When it comes to tax codes, we know it can be hard to keep up with all the changes and how it might impact you and your firm’s clients. In this blog post, we review the changes to Section 174 Expenses of the US Tax Code.
Section 174 of the US Tax Code applies to the treatment of research and experimental (R&E) expenditures. Section 174 expenses and amortization became part of the Internal Revenue Code in 1954. Historically, Section 174 has allowed for the deduction or amortization of direct and indirect costs for R&E activities.
The IRS made significant changes to the amortization of Section 174 expenses in 2022. IRS document Rev. Proc. 2023-11, which updates Rev. Proc. 2023-08, provides procedural guidance.
Taxpayers who have Section 174 expenses for R&E or software development costs must now amortize the costs over five years. They can no longer deduct the costs in the year or period in which they were incurred.
The change came as part of the Tax Cuts and Jobs Act (TCJA) of 2017. The new rules require the amortization of R&E expenditures paid or incurred for any tax year that begins after December 31, 2021. This means Section 174 now requires taxpayers to amortize R&E expenditures over a period of five years for domestic research costs. For foreign research costs, the time period is 15 years. The TCJA also clarified that all software development costs are now Section 174 expenses and must be amortized.
Taxpayers are required to amortize costs falling under broader definitions of research whether or not they claim the Research & Development (R&D) tax credit. Compliance with Section 174 is completely separate from Section 41 (R&D tax credit). However, claiming the R&D tax credit could potentially offset some of the tax resulting from the amortization of Section 174 expenses.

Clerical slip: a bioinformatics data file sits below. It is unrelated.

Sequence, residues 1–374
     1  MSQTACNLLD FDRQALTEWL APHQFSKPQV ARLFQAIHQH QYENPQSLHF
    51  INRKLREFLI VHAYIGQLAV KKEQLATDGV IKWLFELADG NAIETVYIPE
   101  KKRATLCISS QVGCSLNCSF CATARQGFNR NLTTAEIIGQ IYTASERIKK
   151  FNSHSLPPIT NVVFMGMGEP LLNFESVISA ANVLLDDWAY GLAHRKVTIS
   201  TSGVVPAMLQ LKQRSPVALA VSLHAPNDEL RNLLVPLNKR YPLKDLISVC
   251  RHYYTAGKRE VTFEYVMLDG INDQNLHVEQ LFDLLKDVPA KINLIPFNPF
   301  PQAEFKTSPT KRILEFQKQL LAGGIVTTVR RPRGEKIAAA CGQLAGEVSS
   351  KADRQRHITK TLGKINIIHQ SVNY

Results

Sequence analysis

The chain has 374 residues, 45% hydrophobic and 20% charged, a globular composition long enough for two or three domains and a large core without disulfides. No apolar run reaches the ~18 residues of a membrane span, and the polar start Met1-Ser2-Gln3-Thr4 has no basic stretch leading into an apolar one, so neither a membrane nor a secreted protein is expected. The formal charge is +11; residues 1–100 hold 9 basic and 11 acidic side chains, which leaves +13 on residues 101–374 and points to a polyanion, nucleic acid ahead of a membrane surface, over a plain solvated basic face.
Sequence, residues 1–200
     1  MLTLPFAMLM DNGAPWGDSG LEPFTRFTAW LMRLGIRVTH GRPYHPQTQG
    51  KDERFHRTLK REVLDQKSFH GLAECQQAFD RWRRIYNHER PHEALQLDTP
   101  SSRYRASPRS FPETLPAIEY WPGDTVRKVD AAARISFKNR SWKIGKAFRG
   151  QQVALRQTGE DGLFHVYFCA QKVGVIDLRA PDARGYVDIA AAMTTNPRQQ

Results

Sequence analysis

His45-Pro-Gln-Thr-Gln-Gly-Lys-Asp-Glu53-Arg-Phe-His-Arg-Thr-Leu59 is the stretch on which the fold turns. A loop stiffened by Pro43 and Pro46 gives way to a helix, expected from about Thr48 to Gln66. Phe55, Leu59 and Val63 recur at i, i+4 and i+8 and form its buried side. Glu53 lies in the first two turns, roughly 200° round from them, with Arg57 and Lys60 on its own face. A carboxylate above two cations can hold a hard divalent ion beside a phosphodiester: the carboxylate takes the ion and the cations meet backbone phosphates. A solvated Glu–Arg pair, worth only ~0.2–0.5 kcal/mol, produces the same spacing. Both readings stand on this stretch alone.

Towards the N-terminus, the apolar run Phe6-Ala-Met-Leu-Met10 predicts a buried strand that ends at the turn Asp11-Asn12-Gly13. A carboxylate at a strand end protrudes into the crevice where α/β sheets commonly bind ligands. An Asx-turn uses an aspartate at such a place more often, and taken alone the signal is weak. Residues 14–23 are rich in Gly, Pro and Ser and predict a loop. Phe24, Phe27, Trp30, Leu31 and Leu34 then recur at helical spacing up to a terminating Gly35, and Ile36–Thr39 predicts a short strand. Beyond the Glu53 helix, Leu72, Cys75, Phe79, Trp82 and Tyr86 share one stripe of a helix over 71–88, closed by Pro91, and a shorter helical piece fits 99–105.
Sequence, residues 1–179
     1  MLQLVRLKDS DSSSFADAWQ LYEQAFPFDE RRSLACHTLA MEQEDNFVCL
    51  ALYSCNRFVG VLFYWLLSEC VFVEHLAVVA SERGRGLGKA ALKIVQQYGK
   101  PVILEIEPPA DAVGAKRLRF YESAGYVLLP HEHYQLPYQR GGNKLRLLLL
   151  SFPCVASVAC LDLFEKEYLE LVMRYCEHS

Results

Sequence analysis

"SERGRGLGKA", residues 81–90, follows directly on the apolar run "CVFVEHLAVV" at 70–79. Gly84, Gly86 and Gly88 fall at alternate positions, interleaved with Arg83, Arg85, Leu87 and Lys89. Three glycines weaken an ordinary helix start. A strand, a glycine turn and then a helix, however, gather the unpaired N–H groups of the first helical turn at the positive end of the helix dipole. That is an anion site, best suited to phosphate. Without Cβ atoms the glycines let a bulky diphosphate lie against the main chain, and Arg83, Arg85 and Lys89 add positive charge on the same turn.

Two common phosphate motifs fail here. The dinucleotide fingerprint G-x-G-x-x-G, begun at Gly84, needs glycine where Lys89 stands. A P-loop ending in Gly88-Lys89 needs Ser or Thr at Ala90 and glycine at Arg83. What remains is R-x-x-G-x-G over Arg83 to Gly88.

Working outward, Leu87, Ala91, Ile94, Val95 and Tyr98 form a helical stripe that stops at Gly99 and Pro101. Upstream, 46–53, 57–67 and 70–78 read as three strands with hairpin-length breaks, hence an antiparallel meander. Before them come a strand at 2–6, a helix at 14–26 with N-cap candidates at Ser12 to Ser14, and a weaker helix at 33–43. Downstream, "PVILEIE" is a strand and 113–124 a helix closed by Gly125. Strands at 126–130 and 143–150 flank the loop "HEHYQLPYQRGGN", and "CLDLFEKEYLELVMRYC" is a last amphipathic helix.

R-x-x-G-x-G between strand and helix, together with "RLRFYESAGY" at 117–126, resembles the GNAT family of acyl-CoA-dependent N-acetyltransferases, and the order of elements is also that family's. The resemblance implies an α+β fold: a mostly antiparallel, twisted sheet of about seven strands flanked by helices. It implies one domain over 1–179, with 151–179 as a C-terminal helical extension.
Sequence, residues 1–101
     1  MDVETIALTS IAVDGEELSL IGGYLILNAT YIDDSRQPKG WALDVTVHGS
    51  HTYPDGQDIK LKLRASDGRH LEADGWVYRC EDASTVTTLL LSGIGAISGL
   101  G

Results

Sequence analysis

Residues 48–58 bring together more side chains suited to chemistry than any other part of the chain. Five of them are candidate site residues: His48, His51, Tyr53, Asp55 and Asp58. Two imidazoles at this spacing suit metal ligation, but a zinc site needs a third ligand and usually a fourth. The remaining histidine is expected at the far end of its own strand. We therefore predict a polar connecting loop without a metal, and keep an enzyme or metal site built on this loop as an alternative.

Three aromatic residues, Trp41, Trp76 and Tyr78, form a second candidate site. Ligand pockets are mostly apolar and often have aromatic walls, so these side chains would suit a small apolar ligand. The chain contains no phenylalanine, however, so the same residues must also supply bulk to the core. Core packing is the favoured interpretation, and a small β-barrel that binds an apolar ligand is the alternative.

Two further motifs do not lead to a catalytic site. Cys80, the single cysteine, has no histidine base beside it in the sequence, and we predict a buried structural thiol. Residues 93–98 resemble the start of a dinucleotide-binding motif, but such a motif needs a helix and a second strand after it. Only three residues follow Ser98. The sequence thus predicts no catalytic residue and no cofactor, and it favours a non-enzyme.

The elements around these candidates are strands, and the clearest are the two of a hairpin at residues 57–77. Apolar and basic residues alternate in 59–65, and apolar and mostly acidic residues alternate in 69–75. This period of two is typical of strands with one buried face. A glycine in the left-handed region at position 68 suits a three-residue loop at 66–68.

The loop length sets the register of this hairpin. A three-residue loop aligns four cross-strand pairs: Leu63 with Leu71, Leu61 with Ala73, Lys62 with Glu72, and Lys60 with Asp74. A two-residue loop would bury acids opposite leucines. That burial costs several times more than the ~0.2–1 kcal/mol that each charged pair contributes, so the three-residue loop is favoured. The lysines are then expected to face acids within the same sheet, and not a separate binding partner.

The changes to Section 174 have a significant effect on software developers. Specifically, any cost paid or incurred related to software development is now a Section 174 R&E expenditure. Therefore, developers must capitalize and amortize the expense over five years, or 15 years for foreign software development.
Section 174 expenses can include:
Expenditures can include gross salaries and some general payroll costs. They can also include expenses for heating, lighting, power, office supplies, laboratory materials and software licensing. However, guidance on potential Section 174 expenses is still vague.
Taxpayers need to work with tax professionals who are familiar with Section 174 and up to date with the current laws. Tax professionals can help taxpayers identify potential cost centers and departments where Section 174 expenditures could apply.
Section 174 no longer allows taxpayers to fully deduct their R&E expenses in the current tax year. That change will ultimately impact cash flow.
For example, let’s say a taxpayer incurs Section 174 expenses totaling $1 million that fall in the 2022 tax year. Due to the five-year amortization with the half-year convention, the current-year deduction would be $100k. This would create a 90% reduction of the original $1 million expense deduction. The taxpayer would realize an increase in taxable income of $900,000. Again, foreign research costs require a 15-year amortization and will have an even bigger impact.
The IRS is still finalizing guidance for Section 174, so taxpayers need to be prepared to understand the impact of changes when making tax payments or filing for extensions. Taxpayers who are considering delaying their tax filing still need to know the extent of their potential tax change with Section 174. They will need time to properly compute any R&D tax credits to help offset the additional taxes.
The instructions for Forms 6251 and 4562 together provide that only R&E costs deducted in full in the year paid or incurred are subject to an AMT adjustment. Furthermore, only pre-2022 R&E costs can use the section 59(e)(2) election.
One of the best ways to offset additional taxes as a result of these changes is to take advantage of R&D credits. If you have any Section 174 expenses and are developing a product, improving processes or developing software, you probably also have R&D credits. The team at Source Advisors can help you navigate these changes through webinar offerings and direct meetings with our R&D tax professionals.
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About Source Advisors: Source Advisors has helped businesses maximize specialized federal and state tax incentives for almost four decades. Headquartered in Fort Worth, TX, Source Advisors collaborates with a network of over 850 accounting firms throughout the country to bring R&D Tax Credit, Cost Segregation, §179D, §45L, and LIFO inventory solutions to their clients. www.sourceadvisors.com
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